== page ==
Who’s “we”? I hate to say that, but the majority are those not protesting.
There are some problems with this approach:
- The “us” vs “them” language. Partisanship instead of “concerned people”. Is this alliance based on who people voted for? It’s kind of dysfunctional. There are Republicans who didn’t vote for Trump and those (Republicans and Democrats) who voted for him ignorantly. Some are not happy with the travel ban calling it a “mistake”. Should they be convinced that it’s a horrible mistake or pushed away, so they can excuse it and side with Trump for the sake of it? It’s important how the movement is seen by the majority, whether they see it as “we have a problem with Trump’s executive orders” or “those liberals are not happy”.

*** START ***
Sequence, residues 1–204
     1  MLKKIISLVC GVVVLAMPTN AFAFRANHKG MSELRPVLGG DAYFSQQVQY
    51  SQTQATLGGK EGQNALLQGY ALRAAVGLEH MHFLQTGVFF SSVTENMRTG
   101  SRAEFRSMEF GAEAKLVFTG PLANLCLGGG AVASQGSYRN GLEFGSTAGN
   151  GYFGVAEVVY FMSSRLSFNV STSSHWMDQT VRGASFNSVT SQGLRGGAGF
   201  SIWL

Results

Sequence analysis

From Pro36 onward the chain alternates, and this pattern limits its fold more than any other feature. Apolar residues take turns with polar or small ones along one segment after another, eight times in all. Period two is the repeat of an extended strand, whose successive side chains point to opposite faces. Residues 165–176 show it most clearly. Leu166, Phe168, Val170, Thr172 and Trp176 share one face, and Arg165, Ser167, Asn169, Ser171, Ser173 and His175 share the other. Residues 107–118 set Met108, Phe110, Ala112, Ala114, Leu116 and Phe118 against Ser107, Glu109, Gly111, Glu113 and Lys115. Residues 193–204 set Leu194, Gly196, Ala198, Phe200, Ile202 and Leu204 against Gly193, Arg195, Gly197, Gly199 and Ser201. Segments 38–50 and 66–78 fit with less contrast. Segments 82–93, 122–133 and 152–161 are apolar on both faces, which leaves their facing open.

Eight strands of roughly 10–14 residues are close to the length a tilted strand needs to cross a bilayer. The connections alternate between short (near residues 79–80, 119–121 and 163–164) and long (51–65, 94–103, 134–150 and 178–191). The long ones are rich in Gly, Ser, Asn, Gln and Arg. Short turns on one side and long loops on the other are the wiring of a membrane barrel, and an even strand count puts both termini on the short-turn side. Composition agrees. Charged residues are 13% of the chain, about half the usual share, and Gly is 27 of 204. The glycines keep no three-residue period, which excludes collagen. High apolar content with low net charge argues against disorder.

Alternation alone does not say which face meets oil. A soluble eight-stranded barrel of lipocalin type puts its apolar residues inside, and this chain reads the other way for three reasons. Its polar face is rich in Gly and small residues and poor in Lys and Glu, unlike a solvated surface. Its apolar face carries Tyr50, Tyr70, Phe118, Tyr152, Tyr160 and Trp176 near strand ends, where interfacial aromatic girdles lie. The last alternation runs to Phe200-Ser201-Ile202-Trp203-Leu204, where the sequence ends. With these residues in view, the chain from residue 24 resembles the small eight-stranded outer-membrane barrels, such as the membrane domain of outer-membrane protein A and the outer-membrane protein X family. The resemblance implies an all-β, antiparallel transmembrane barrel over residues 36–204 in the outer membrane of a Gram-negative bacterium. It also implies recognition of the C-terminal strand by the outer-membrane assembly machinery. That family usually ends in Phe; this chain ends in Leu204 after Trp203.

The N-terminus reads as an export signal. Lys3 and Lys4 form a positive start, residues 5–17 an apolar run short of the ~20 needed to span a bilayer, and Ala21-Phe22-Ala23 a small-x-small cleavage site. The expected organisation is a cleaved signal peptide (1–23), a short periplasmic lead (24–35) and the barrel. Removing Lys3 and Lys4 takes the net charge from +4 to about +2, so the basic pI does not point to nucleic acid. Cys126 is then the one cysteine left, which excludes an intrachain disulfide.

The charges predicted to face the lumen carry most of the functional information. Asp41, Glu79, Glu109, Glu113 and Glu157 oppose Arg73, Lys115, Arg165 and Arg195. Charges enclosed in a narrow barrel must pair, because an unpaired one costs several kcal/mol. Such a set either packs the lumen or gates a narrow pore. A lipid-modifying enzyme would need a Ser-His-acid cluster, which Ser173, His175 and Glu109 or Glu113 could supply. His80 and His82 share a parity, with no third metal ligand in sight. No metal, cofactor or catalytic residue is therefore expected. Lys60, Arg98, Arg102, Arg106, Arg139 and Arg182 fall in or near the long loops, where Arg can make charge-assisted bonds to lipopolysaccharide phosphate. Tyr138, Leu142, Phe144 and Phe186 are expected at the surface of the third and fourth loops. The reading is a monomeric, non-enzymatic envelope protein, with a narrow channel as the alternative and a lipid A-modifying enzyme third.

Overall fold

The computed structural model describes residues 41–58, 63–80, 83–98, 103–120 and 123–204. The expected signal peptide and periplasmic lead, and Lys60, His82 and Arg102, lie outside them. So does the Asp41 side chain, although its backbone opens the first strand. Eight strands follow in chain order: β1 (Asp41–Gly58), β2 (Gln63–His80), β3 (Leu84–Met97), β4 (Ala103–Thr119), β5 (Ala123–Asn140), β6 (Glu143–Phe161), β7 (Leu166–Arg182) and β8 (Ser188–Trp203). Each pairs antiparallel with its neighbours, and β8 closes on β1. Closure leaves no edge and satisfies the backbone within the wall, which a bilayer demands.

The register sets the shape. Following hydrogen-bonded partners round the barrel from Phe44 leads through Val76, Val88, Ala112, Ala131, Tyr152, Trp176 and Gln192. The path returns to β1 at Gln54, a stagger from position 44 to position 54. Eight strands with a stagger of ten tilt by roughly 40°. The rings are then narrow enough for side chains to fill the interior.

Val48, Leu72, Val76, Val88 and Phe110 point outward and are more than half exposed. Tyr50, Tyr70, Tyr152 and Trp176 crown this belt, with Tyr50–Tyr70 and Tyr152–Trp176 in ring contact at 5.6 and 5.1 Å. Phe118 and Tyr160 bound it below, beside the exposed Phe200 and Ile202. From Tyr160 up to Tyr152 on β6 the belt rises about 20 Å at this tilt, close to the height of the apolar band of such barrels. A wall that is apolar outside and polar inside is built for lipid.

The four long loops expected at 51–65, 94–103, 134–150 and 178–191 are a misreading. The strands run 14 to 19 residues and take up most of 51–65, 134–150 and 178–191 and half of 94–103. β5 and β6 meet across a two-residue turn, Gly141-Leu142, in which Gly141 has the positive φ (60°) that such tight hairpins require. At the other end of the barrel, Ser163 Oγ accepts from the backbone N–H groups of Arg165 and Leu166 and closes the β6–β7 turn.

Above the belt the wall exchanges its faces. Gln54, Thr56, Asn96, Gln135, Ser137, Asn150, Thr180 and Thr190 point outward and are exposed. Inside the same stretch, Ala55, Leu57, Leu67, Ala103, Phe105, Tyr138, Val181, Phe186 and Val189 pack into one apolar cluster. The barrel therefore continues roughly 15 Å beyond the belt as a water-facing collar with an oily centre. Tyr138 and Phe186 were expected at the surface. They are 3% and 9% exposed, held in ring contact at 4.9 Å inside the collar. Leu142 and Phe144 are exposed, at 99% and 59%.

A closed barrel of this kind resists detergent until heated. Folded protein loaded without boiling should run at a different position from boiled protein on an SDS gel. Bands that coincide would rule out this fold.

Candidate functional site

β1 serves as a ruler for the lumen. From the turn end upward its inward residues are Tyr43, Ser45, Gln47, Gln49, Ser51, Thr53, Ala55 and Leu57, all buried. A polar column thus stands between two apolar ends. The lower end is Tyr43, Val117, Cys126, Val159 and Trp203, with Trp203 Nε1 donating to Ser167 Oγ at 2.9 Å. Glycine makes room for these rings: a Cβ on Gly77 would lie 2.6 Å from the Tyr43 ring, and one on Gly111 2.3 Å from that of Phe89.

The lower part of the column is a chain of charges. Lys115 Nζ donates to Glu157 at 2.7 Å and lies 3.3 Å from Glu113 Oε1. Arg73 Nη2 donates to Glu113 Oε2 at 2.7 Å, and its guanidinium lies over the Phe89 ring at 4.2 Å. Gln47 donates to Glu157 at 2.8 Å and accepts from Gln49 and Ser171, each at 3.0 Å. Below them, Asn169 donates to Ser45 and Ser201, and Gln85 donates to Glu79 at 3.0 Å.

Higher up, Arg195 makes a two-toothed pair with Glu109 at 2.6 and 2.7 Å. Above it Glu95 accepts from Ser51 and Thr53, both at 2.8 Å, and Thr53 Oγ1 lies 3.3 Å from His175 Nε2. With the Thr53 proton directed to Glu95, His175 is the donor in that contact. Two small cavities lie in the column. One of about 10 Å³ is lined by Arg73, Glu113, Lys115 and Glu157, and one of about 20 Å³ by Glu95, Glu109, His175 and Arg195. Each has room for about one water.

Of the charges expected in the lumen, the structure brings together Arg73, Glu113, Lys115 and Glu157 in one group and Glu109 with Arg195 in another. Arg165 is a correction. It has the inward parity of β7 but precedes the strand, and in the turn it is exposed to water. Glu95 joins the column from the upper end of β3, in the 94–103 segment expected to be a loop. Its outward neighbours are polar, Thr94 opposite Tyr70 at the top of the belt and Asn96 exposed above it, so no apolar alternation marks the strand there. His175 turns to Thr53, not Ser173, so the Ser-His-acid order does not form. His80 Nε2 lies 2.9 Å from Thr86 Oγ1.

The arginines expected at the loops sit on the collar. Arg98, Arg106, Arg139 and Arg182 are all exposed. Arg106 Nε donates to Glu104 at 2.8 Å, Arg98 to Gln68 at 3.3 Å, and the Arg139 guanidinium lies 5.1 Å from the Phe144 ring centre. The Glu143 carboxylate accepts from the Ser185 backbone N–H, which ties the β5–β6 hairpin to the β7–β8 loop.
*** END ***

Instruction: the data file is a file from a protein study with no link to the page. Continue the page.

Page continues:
- Protests are energy consuming and could eventually wear out. What else is out there? I would hate to see the movement as a version of alt-left, my way or the highway, no compromise, you have to agree to our ideology and a laundry list of issues or you’re an enemy. Allies are people with a common goal which can perfectly disagree on everything else and can compromise. Diversity is important! I’m having trouble with local groups because they are not created inclusive and lack focus. Like everything is a women’s group either explicitly or is heavily focused on women’s issues and feminism (with very low men’s participation). Even knitting! I’m a skilled knitter but not into joining a knitting club right now. It’s not like women’s issues are not important, but last time I checked there is no any imminent danger for US women (similar to the travel ban). If I liked jumping into conclusions right away, I would say it’s an intentional distraction. At the same time, many immigrants are excluded from the conversation because they are not voters.